Wooden backcountry skis

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andrey
Posts: 6
Joined: Sat Dec 08, 2012 9:59 am

Wooden backcountry skis

Post by andrey »

Here is my build process. Any comments are appreciated.


JSquare
Posts: 102
Joined: Fri Sep 14, 2012 1:59 pm
Location: NH

Re: Wooden backcountry skis

Post by JSquare »

This is a really neat process.
The wooden base (and hot bending of), the rod tensioned press, and the DIY tools (bandsaw, belt sander), and general use of hand tools stand out as pretty unique and clever. Looks like a well thought out process all in all

Have you ridden them? How do they ride? Any issues you're looking for feedback on or areas you want to improve?

Because you solicited feedback-- and because i think its awesome you posted looking for it:

One thought-- I'd be curious about your finishing process. I saw a pretty big improvement going from dry to wet sanding for the edges--and i have to believe that you'd benefit from a wider/flatter sander for the base.

Are you getting some epoxy bleed to the base? If its raised off the base, you should be able to grind out. If its flat with the base, then it means there's a lack of flatness either in your press mold or in your wooden base. Does it disappear when you wax it?

andrey
Posts: 6
Joined: Sat Dec 08, 2012 9:59 am

Re: Wooden backcountry skis

Post by andrey »

Thanks a lot for your message.

Yes, my friends and I did ridden this skis a lot. They are designed for making a ski track in deep snow, going uphill in powder with backpacks and similar activity. The wooden base helps a lot when going uphill without using ski skins. Flat wooden base is faster than ski with crowns pattern like many backcountry skis have. And wooden base does not need to wax it.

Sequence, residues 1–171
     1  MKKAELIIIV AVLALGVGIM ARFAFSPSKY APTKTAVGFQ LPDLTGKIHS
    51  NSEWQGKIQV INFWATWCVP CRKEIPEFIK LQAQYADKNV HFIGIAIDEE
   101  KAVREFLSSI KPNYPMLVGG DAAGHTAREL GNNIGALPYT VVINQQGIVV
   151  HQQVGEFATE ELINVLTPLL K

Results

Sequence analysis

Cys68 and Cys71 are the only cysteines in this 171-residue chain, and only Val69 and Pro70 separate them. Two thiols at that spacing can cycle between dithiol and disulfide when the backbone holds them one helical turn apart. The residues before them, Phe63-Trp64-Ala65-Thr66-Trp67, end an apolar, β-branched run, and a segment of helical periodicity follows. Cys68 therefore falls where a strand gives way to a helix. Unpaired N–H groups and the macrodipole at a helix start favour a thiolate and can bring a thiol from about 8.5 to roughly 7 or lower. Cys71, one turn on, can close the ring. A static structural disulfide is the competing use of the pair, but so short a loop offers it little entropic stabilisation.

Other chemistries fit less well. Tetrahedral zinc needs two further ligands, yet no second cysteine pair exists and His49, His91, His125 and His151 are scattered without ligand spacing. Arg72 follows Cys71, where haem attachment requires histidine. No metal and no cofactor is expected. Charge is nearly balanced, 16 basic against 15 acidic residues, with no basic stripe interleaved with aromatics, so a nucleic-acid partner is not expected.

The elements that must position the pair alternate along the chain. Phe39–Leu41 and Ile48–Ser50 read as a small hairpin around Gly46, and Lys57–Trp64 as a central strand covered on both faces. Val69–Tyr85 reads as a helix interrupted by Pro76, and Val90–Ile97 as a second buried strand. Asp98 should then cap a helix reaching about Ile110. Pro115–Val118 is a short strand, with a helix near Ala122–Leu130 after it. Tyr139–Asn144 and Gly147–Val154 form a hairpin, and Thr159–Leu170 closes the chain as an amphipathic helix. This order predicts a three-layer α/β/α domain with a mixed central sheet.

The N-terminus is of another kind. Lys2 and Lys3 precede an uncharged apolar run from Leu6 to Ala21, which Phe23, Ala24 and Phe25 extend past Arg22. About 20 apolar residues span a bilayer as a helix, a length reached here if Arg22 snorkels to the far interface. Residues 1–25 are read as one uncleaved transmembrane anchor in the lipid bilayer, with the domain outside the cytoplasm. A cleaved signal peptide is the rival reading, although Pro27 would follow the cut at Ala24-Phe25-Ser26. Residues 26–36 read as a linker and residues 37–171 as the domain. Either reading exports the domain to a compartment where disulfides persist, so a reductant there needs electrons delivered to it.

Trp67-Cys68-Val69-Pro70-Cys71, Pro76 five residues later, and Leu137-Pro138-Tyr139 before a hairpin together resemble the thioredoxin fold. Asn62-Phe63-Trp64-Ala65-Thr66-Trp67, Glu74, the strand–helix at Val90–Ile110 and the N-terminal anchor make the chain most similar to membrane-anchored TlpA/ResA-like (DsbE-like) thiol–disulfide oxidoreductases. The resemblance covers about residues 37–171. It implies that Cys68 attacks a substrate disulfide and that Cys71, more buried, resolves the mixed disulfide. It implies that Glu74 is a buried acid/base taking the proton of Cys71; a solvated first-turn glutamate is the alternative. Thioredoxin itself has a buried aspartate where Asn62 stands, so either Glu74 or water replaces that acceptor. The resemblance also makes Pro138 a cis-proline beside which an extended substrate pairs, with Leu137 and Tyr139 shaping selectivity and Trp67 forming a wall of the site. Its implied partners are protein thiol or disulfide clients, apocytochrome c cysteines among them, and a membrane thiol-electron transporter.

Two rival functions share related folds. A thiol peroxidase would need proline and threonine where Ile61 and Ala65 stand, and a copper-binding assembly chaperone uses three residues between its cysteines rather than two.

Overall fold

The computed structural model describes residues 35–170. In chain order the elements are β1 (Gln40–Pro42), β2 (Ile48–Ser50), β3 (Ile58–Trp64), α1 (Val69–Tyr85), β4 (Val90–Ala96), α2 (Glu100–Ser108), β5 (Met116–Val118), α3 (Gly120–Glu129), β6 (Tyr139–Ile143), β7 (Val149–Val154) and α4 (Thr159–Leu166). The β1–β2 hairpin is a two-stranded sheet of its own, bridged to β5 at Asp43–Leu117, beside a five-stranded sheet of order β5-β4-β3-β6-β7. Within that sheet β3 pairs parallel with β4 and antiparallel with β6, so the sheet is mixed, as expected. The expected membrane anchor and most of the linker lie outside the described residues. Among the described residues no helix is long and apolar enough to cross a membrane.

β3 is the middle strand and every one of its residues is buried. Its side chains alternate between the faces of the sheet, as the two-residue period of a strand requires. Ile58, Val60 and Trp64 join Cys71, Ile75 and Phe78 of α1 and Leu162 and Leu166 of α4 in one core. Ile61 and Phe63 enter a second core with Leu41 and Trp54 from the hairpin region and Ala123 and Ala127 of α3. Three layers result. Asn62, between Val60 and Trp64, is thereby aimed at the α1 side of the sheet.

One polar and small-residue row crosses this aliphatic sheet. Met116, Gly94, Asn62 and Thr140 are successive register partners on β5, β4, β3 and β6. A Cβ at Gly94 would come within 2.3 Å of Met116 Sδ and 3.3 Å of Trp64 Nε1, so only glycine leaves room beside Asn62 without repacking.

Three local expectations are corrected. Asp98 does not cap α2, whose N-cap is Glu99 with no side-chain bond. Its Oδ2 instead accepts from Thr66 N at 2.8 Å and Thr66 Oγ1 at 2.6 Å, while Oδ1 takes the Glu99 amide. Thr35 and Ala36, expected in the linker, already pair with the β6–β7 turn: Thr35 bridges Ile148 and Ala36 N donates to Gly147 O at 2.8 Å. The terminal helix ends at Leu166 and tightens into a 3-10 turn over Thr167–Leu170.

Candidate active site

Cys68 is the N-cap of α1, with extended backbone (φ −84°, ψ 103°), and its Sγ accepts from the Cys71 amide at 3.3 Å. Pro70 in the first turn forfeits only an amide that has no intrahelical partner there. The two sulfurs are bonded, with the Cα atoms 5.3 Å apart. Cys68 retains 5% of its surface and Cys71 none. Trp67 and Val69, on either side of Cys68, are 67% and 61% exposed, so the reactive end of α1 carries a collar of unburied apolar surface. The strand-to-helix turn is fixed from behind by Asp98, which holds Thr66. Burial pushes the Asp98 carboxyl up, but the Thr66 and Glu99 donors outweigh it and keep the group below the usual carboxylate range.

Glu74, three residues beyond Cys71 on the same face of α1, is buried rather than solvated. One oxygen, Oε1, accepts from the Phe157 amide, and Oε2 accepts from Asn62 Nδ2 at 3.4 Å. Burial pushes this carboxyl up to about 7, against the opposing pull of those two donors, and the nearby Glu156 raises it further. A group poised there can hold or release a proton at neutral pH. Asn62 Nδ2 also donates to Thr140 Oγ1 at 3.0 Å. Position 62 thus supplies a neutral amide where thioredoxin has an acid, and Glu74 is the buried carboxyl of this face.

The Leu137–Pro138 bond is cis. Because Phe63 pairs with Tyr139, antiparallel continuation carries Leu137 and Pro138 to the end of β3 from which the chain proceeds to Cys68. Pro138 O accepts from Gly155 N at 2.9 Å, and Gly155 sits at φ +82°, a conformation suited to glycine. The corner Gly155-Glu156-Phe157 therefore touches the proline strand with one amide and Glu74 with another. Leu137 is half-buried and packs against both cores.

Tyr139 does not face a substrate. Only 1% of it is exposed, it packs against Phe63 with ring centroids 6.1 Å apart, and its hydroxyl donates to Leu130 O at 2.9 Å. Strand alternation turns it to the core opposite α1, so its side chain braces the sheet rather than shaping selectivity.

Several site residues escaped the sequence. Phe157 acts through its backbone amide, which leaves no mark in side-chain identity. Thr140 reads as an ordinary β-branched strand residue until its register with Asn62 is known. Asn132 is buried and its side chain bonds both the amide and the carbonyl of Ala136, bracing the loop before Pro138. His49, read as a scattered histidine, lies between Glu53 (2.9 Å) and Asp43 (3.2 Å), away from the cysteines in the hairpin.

You may see a clip from a trip with my skis in the team:
350 km distance of run in a very hard conditions.
IMG_20200302_120206.jpg
IMG_20200302_120206.jpg (314.84 KiB) Viewed 84 times
All people who used this skis cannot value their downhill and freeride qualities, mostly because they are not professional freeriders and special ski bindings are installed. I think a wooden base is not so fast as UHDPE for sure.

How a wet machine sanding looks like?

If a wooden base has cracks in it, some amount of epoxy may bleed to the base, but it does not create hills. I think it is a capillary effect, not the consequence of lack of flatness. Some amount of epoxy leaks out near the edges and I grind it out. Sometime I have gaps between edges and base, I have to fill them with epoxy before finishing. I do not know how to ideally fit edges without gaps.

What I would like to ask the community, how I can reduce the weight from about 1650 grams to about 1200 per ski.

I use an ash core 2mm - 12mm - 2mm thickness. Would pine core be a lot brittle and weaker than ash?

I use 120 gsm UD carbon and 311 gsm diagonal bidirectional glass layers beneath and above the core. Does it makes sense to use only carbon beneath the core?

Note this skis are not used for speed riding.